“If you do not eat the flesh of the Son of Man and drink his blood, you will have no life in you.” (John 6:53) The people, to whom Jesus is speaking, are repulsed and say, “How can this man give us his flesh to eat?” (John 6:52) They conclude: “This is intolerable language. How could anyone accept it?” (John 6:60) This led Jesus to say, “It is the spirit that gives life, the flesh has nothing to offer. The words I have spoken to you are spirit and they are life.” (John 6:63) What are we to make of his words?

At the beginning of John’s Gospel, we are told: ‘In the beginning was the Word, and the Word was with God, and the Word was God. Through him all things came to be, not one thing had its being except through him. All that came to be had life in him.’ (John 1:1-4) Being and life comes through God’s Word. A little later St John tells us that this ‘Word became flesh and dwelt among us.’ (John 1:14) The word used here is the same word that Jesus uses when he urges us to eat to eat his ‘flesh’: the ‘flesh of the Son of Man’ that we are to eat is the Word of God; the Word that is God but become really present living among us, it is this that gives life, showing us how to live. (Matthew 11:29) The word that Jesus uses for ‘eat’ really means to ‘chew’ on it; it has about it the idea of wearing it down … like animals crunch and grind down their food as they chew. So, to obey Jesus’ command here, we are to really chew over the Word of God to get out of it all that is life-giving.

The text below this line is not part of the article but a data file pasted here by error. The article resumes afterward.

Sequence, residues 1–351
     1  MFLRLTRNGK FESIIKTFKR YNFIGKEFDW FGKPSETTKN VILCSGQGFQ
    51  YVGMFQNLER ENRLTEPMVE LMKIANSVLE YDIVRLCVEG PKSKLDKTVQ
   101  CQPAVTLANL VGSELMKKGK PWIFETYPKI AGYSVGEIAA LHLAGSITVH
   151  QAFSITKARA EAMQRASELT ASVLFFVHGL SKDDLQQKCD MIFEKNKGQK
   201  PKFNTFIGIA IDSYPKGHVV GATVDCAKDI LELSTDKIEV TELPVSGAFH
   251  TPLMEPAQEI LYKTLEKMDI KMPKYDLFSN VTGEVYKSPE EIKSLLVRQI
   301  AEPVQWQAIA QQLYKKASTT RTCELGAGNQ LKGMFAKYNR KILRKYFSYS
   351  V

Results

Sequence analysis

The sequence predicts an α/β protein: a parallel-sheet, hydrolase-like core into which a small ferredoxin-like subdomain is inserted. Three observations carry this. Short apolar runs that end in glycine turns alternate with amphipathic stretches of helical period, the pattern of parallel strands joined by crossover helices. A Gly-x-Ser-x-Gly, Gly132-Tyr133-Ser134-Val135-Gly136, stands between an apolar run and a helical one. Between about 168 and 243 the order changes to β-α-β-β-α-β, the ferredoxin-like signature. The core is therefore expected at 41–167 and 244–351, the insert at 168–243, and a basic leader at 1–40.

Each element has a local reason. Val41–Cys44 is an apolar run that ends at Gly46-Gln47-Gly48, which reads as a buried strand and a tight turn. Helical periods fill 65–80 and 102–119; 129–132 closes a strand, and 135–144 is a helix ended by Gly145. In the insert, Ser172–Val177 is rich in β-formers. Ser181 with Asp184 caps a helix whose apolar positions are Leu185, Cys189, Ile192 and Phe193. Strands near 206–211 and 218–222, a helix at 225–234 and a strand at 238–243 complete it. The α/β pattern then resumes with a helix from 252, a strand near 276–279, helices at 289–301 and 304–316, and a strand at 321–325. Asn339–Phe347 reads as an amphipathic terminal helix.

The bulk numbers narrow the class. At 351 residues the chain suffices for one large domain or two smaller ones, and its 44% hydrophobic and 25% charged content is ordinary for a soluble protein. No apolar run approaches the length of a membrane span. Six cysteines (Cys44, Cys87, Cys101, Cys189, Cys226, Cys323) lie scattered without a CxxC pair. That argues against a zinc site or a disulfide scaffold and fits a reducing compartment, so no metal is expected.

This reminds of St Bernard’s reference to our lectio divina, that slow and repetitive reading of Scripture, as ‘ruminatio,’ in which we ruminate on God’s Word, that we may keep it and draw life from it. The Word of God, which we are to chew over, is written down for us in Scripture. Sadly, it is not a simple document. It was written over a long period of time. It was written by many different authors. It was written a long time ago. It was written as God’s Word to circumstances not our own. At times it can seem unclear, at times it can seem contradictory, at times it can seem like just so much nonsense. But just as it is hard to have a relationship with a person from a different culture — we need to take time to get to know them, to understand their customs, presuppositions and prejudices — so too with God’s Word to us. For it is a Word made incarnate in another culture very different to our own, in another time very different to our own. To make some sense of it that we may keep it and draw life from it, we need to allow ourselves time to really ponder it, to ruminate over it.